We Ignore Data Because We Are Delusional – by Jason Kilgore

I love data.  I teach college statistics for fun.  Data sheds light on the truth and sometimes that truth is offensive, causing us to become defensive.  Sure, it is always worthwhile to question the data source, veracity, and collection method.  Yet, even when the data is solid, we ignore data we don’t like.  I call it Data Denial Syndrome.  And we are all guilty of it.  As defined by me, DDS is a condition whereby we emotionally ignore what our analytical brain knows to be true.  Here are half a dozen delusions commonly associated with DDS.

1.  Delusion:  “The data doesn’t match what people are telling me.”   Reality:  People are telling you what you want to hear.  Stories people tell are anecdotal and are true only in the singular moment when the event occurred.  Meaningful data is a summary of all the facts, including the facts we subconsciously filter out.

2.  Delusion:  “Statistics often lie.”  Reality:  Good statistics mirror the larger population.  When appropriately collected, the samples answer a very specific question.  Sometimes we try to use specific results to answer a question for which that data set was never intended to answer.  Data doesn’t lie, but sometimes we ask it to answer the wrong question.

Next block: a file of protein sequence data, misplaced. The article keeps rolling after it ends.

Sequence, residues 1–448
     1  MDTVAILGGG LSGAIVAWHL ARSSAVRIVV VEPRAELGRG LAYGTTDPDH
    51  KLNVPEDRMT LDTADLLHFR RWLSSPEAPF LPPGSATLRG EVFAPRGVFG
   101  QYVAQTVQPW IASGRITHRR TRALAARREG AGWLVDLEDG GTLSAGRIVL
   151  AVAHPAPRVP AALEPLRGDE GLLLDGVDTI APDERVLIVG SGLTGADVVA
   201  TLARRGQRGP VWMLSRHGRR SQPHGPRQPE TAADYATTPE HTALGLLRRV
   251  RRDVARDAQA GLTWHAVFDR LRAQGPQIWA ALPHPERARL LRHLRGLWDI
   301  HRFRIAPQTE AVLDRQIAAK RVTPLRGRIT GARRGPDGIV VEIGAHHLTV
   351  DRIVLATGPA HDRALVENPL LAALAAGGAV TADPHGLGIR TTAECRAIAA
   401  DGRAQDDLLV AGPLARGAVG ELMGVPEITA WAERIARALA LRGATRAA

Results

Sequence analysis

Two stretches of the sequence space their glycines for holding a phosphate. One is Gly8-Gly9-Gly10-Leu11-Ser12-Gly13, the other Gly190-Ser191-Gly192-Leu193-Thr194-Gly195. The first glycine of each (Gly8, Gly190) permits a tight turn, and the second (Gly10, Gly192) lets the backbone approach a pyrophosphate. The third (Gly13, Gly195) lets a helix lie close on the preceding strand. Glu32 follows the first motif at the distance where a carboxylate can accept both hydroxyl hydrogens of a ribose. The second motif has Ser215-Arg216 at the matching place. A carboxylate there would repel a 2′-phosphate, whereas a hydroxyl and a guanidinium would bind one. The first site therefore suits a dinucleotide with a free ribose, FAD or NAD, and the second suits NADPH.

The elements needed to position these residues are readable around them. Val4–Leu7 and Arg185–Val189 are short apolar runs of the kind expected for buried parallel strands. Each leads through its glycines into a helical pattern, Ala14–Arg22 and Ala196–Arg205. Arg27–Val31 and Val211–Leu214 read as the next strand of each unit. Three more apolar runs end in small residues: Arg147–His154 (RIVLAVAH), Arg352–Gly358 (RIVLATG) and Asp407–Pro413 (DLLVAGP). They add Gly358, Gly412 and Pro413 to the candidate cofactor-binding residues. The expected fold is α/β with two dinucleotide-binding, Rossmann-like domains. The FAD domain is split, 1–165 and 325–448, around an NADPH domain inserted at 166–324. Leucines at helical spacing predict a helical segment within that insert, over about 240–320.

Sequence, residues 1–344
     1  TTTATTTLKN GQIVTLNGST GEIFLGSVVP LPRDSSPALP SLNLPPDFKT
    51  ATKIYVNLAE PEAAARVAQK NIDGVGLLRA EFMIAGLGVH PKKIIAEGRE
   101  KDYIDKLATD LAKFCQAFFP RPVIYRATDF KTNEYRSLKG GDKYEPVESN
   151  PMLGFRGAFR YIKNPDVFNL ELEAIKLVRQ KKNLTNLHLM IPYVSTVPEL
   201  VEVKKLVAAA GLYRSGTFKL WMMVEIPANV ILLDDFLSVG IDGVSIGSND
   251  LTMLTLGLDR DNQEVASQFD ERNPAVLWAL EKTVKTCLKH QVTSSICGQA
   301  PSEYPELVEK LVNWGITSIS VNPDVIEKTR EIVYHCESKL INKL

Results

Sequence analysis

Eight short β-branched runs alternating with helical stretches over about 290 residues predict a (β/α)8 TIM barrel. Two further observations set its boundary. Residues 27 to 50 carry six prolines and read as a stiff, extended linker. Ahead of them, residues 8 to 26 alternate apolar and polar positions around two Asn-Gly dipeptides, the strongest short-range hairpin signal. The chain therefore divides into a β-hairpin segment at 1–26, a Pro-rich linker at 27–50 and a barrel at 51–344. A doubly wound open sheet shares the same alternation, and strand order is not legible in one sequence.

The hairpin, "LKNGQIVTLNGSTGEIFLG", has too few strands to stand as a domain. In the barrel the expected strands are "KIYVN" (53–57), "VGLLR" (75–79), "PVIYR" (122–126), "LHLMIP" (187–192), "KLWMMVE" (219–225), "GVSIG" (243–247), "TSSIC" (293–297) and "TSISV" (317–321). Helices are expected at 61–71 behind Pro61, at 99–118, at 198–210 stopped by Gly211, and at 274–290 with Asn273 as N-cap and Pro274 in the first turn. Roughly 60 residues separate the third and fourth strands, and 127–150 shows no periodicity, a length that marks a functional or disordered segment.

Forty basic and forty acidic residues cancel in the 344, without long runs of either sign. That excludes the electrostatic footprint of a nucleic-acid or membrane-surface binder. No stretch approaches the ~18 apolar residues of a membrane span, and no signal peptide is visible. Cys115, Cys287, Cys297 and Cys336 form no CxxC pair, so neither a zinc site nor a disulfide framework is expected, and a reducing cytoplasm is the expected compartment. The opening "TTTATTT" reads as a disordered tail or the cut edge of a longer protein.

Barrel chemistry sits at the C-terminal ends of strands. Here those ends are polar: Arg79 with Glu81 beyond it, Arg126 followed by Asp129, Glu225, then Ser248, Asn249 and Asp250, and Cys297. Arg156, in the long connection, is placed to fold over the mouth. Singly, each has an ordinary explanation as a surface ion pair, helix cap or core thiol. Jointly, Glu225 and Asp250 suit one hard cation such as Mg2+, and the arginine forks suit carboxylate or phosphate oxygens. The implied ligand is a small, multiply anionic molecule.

3.  Delusion:  “We’re still better than half the companies out there.”   Reality:  There are 120 teams in NCAA Division 1 football.  It is unlikely that you know which team was ranked 59th, just two spots above the bottom half.  It was Wake Forrest and they had a losing record.  And, they are perennially irrelevant to all but a handful of alumni.

4.  Delusion: “The data looks bad, but we are the exception.”  Reality:  No you are not. In fact, those claiming to be the exception are often in the majority.  The truly exceptional don’t play the “we-are-the-exception” card.  They simply accept the data, act decisively, and fix their problems.  In so doing, they become exceptional.

5.  Delusion:  “This data is an anomaly.”   Reality:  Ted Williams had a 0.344 lifetime batting average.   Only once in nineteen seasons did his yearly batting average drop below 0.300.  More often, his average exceeded 0.400.  If your “bad anomalies” occur more frequently than your “good anomalies,” your “bad anomalies” are, in reality, a trend.

6.  [My favorite] Delusion: “The sample size is not valid.”  Reality: Sample size correlates to certainty, not validity.  Without boring you with the details, increasing the sample size of a data set allows us to see the data with more precision.  It does not render the information invalid.  If I were to randomly survey five of your customers and all five say your company sucks, it is not fair to say that their responses are invalid.  We can say with certainty that those five people may or may not represent 100% of your customers.  Just because the sample size is five does not make those responses any more or less valid or any less actionable.

Here’s the simple truth:  Positive data is not actionable, but negative data highlights opportunity.  Data that points to our flaws gives us the opportunity to improve.  Therefore, time spent trying to excuse, invalidate, or justify unflattering data is time wasted.  Use data to understand weaknesses and available resources to improve processes.